12 Startup Pitfalls We Want You To Avoid

It’s been a while since the RigBasket team has directly shared a post. We have been busy travelling across the country, visiting warehouses, and trying to be more active in the Houston community. August is almost over, as are the Olympics. We wanted to take this Sunday to share with you some of the startup pitfalls we have come across during our short existence. We hope it may benefit some of your ventures. To those of you who already know way more than us, we hope you can contribute in the comments section.

#1. Thinking that finding the watering hole first is your permanent advantage. It is inevitable that other people will discover your market, or that you will discover that you were not actually first to the idea. We are just going to put it out there, but Instagram Stories look remarkably like Snapchat stories. It is important to emphasize that patents only apply within certain jurisdictions, not globally, which is why you find so many perfect counterfeit iPhones in Asia. Startups are truly marathons to dry up those watering holes, and the best way to stay relevant around the pond is to drink faster by innovating faster. Otherwise, the search for new watering holes is a bit like wildcat drilling.

#2. No validation of problem existing prior to building solutions. The world is becoming more customer-centric. Thus, a “build first mentality” is risky business for cash-strapped ventures. Too many cool technologies with no immediate applications. What we think is a better approach now is finding a problem that can be solved in many ways, and overtime letting the customer base determine which solutions should be generic offerings. Not all problems have one-size-fits-all solutions, and not all solutions need to be custom-built. Validation that the solution can create and grow real measurable value (users, money, goodwill) is a whole other discussion.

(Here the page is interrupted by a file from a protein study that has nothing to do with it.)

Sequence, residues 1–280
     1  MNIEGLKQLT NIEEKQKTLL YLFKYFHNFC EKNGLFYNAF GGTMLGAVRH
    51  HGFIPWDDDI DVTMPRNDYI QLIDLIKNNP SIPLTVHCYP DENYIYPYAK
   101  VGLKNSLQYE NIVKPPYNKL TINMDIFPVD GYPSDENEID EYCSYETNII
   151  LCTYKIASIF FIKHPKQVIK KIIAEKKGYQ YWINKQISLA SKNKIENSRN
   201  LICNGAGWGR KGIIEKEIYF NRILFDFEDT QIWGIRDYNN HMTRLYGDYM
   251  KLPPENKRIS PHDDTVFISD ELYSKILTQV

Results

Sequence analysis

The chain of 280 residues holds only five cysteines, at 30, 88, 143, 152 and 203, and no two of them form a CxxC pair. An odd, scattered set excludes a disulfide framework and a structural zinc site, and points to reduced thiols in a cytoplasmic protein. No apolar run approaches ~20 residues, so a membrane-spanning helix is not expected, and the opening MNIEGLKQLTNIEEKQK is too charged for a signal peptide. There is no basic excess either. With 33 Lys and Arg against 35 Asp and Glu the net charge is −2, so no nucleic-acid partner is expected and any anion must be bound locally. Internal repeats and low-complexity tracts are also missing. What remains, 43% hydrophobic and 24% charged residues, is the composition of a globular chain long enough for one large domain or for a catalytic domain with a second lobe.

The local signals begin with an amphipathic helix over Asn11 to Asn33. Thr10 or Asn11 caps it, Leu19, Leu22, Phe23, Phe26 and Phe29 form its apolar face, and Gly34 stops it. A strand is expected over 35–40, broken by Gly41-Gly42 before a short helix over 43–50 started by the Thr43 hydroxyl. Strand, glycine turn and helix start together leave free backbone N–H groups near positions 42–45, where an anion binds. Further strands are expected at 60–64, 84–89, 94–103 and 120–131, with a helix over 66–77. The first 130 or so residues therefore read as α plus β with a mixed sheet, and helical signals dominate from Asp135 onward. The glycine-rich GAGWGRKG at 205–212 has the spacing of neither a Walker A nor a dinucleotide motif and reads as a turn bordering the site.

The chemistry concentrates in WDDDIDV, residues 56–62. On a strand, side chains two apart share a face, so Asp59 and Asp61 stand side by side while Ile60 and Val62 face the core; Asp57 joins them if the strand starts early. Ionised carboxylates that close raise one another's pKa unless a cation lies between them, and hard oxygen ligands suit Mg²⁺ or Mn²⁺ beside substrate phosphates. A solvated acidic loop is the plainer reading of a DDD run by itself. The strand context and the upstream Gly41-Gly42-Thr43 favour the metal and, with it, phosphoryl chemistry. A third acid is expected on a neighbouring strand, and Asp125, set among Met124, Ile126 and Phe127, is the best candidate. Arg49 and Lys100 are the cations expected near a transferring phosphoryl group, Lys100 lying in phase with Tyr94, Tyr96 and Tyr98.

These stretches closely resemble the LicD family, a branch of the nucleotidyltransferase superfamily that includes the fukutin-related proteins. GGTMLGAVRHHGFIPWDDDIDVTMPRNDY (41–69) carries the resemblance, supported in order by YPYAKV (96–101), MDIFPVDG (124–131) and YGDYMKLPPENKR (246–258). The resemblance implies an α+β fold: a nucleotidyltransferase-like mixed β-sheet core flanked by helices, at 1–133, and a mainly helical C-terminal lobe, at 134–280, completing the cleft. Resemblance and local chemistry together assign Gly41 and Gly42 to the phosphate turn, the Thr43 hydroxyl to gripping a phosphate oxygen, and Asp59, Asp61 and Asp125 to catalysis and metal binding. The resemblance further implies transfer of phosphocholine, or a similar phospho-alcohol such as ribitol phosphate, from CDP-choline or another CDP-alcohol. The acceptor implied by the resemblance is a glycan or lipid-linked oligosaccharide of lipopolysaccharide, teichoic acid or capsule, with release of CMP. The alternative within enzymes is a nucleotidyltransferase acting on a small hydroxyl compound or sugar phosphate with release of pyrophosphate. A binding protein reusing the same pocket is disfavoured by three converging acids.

#3. Picking too many races to run. Let’s talk Olympics. There is a reason why Usain Bolt doesn’t run the marathon, and Mo Farah doesn’t line up for the 100 meters. Each runner “focuses” on succeeding at a few activities instead of competing everywhere. We know that Michael Phelps exists, but his type of winner apparently come along every 2000 years. Too often, new startups seek to compete in all races. Everyone wants to do everything. The sooner you pick a few key services you know you can be good at, the sooner the focus will channel into clear, concise, and simple offerings.

#4. Not listening enough and questioning the criticism. We know it’s your baby, but criticism simply means something about your current offering isn’t perfect yet. Pitch, keep learning what is missing, why people don’t think it will work, and then go back to the drawing board to fix it. Figure out why does your product help them compared to what they have right now. How is their life easier?

#5. Having too many C-level people. The “Chief” entitlement leads to many early startup members aspiring that they will manage people one day, than actually doing relevant work today. Whether in the corporate or startup world, that title needs to be earned. We have had a tremendous change in productivity by assigning responsibilities instead of roles. Surprisingly we are more specialized now, but have the ability to wear more hats too.